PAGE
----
“In terms of things that would help us in particular ... or rural providers such as us would be to delay the DSH payment reduction,” Denbo said. “If they hit us when they’re supposed to next year, we’ll have to make another across-the-board $2 million in reduction in expenses. That means jobs in some instances. There’s no way to get around it. I’m not saying that as a threat. I’m saying that as a logical statement at this point.”

Denbo said administrators will continue to look at restructuring and ways to be more efficient.
The second thing Denbo said would help would be to find a way to expand the number of people covered under Medicaid. Denbo said PCRMC will continue not to turn anyone away despite the hospital not getting reimbursements for caring for uninsured patients.

“Our uninsured population has increased exponentially,” Denbo said.

Denbo added that it’s also important that the state legislature come up with a solution for expanding Medicaid.

“That money that the state is not in a position to give back to providers like us has been taken from us,” Denbo said. He said the funds are needed to help PCRMC continue to provide its array of services.

While new health insurance exchanges have not been set up yet, it is expected that around October peple could start enrolling in the exchanges, meaning that some area individuals could qualify and sign up for the exchanges and get insurance subsidized through the Affordable Care Act.

“That’s a positive thing,” Denbo said, but added that it will take time for people to realize they qualify and to sign up.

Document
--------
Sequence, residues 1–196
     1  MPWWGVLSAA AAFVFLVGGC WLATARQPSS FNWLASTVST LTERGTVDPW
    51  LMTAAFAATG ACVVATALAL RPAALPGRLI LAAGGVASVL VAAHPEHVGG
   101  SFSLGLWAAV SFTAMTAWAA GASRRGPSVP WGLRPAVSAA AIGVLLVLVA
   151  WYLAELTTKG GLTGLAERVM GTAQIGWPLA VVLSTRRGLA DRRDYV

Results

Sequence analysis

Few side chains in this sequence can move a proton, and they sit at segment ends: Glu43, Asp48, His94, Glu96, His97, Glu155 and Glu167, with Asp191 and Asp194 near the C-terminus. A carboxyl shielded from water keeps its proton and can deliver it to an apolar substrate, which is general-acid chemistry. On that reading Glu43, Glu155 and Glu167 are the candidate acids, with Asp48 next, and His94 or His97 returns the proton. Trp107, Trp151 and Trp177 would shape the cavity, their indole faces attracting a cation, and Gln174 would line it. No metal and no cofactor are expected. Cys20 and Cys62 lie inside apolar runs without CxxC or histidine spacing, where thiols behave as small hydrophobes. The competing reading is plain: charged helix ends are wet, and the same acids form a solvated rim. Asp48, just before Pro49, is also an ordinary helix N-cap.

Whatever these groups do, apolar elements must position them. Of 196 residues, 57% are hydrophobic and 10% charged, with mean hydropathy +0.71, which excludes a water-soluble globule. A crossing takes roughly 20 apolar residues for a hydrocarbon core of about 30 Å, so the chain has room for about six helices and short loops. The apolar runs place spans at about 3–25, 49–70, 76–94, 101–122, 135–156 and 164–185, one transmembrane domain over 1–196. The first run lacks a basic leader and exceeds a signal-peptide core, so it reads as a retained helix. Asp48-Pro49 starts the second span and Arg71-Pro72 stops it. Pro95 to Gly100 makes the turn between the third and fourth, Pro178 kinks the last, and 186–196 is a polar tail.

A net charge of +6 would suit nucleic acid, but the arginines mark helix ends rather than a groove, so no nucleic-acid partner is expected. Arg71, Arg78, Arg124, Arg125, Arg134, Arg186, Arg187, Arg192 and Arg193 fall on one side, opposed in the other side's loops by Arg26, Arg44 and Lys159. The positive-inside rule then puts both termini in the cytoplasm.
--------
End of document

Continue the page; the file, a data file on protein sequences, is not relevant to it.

James noted the hospital has grown in the last 35 years, increasing the number of beds, doctors and specialties.

He asked the commission and those in attendance, where would the estimated 36,000 to 40,000 patients that PCRMC serves Phelps and surrounding counties a year go if certain services were to be cut?

“The fact is we have a lot to be proud of. As a management team, we’re committed to keep the boat afloat and realign resources so that we meet that bottom line,” James said. “This is a recent major tilt in the way reimbursements occur, but I’m confident, as I think our team is, that we’re going to make the changes to meet these challenges and work through it.”

James also noted a positive for the hospital when he mentioned that PCRMC scores well when comparing this facility to other hospitals across the nation.

CMS has benchmarks set up that measure qualities by which hospitals will get paid in the future. If hospitals fail to meet those standards, their reimbursements will be cut.

Some of the national standards are readmission rates for congestive heart failure, pneumonia and acute heart attacks.

“Our hospital exceeds those benchmarks by having a lower readmission rate in all three of those categories than the national average or CMS benchmark,” James said.

Pulaski County

Also during the discussion, an update on PCRMC expanding into Pulaski County was given.
James said PCRMC’s population service area is anywhere from 125,000 to 175,000 depending on how metrics are compiled.

“We’ve always been in the Pulaski County area, but the difference is the patient has been coming to us,” James said.

In order to stabilize that part of its coverage area as well as deter attrition of patients to other hospitals, James said administrators felt a presence in Pulaski County was needed.

James also noted that the population of Pulaski County exceeded Phelps County in the 2010 census, and in addition, demographics show that the average age in Pulaski County is younger than Phelps County. James said different services need to be provided to the different age groups.

According to James, a PCRMC building in Pulaski County has been designed and the architectural plans are complete, but a way to fund the new facility has not been determined yet.

Hawkins said about 20 percent of the hospital’s volume comes from Pulaski County.

“Being in Pulaski County allows us to do things in Phelps County we wouldn’t otherwise be able to do,” Clayton said.